Whisky space experiment tribute launched

Soyuz rocket blasts off from Kazakhstan in late 2011 The vials were launched by Soyuz rocket from Kazakhstan in late 2011

A limited edition whisky has been launched to mark a unique experiment in space.

A rocket carrying vials of chemical compounds from Ardbeg's Islay distillery was blasted up to the International Space Station last year to test the effects of near zero gravity on the maturation process.

Ardbeg has now released "Ardbeg Galileo" to celebrate the event.

The experiment is believed to be the first of its kind.

The micro-organic compounds will spend up to two years in space interacting with charred oak in near zero gravity conditions.

The results will be compared with a control sample currently maturing on terra firma at Ardbeg's Islay distillery.

Dr Bill Lumsden, director of distilling and whisky creation at Ardbeg, said: "So far so good. The experiment went live in January when the scientists broke the separating wall between the two components.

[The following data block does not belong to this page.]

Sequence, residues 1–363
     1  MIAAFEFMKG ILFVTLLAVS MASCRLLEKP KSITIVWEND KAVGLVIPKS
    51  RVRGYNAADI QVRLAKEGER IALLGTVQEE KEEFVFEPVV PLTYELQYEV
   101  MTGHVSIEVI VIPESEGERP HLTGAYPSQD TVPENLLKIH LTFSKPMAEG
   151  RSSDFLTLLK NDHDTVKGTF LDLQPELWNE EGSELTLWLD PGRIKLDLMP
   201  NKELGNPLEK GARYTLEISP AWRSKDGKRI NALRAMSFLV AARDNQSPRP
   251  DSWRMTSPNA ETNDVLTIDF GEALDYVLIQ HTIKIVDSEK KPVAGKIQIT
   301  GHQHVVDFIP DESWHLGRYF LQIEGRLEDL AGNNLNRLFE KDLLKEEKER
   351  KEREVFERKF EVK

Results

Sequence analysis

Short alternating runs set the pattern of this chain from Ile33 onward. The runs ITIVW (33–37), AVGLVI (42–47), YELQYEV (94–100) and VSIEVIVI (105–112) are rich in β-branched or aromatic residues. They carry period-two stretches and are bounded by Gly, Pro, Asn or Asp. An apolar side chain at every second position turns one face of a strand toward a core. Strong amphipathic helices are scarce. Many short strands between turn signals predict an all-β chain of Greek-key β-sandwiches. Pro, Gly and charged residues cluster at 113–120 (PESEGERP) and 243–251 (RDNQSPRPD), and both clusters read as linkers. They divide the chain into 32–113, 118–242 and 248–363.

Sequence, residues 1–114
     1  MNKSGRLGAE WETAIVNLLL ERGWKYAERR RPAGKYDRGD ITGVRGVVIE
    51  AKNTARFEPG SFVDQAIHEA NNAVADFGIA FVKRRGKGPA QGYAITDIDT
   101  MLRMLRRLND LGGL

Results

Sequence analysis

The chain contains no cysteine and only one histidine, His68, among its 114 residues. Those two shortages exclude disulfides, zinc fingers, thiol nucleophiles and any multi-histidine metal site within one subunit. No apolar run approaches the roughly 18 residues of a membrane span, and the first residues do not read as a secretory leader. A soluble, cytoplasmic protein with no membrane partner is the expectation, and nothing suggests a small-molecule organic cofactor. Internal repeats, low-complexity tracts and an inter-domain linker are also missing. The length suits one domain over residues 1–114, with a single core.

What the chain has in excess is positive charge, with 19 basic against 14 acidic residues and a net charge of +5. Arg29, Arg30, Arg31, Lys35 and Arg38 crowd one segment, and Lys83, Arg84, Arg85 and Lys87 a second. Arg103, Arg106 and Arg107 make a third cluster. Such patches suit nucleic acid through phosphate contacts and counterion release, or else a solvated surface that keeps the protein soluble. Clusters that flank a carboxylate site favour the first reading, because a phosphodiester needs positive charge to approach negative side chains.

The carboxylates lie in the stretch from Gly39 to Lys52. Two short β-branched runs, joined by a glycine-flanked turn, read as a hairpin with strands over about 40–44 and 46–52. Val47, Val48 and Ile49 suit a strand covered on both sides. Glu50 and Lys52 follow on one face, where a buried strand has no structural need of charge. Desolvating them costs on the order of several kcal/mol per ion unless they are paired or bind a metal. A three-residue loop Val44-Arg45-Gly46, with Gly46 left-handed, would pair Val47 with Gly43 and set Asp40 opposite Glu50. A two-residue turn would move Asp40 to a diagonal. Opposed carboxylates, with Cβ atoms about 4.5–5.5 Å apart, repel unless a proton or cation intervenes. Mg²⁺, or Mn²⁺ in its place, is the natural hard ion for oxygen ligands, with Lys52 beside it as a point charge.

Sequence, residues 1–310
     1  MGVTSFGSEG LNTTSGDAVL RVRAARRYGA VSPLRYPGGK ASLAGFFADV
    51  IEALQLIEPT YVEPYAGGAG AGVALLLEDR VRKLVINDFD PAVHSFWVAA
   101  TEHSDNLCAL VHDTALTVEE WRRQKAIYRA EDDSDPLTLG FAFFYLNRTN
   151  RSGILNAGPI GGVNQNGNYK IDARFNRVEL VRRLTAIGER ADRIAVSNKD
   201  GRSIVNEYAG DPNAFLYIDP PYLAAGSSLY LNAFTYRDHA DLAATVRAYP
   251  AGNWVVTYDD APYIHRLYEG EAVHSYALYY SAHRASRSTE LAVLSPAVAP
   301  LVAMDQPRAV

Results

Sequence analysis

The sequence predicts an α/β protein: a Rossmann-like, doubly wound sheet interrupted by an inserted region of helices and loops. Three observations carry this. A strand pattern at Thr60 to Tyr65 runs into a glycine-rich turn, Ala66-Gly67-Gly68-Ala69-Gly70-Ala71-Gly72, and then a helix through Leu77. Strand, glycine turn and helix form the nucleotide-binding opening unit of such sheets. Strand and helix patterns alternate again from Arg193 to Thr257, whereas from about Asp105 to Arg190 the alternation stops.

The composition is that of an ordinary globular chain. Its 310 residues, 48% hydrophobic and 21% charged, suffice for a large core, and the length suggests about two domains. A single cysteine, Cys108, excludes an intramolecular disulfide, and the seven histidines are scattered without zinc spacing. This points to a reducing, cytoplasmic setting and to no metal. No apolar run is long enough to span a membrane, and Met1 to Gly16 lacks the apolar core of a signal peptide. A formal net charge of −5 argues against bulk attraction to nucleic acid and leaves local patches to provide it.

'Earthly tribute'

"We will not know the results for another year or so but in the meantime we thought we would celebrate the experiment by the introduction of Ardbeg Galileo - our own earthly tribute to the scientific experiment taking place far up in space."

Ardbeg Galileo bottle Ardbeg said the limited edition whisky was "an earthly tribute"

The limited edition 12-year-old single malt whisky is a vatting of different styles of Ardbeg laid down in 1999.

Ardbeg was invited in late 2011 by Texas-based space research company NanoRacks to take part in the two-year space experiment.

The vials that were launched by Soyuz rocket from Baikanur in Kazakhstan in late 2011 contain a class of chemical compounds known as "terpenes".

Ardbeg said the experiment could explain the workings of these large, complex molecules and help uncover new information about the change they undergo in a near zero gravity environment.

The test should also help Ardbeg find new chemical building blocks in their own flavour spectrum and could have applications for a variety of commercial and research products.

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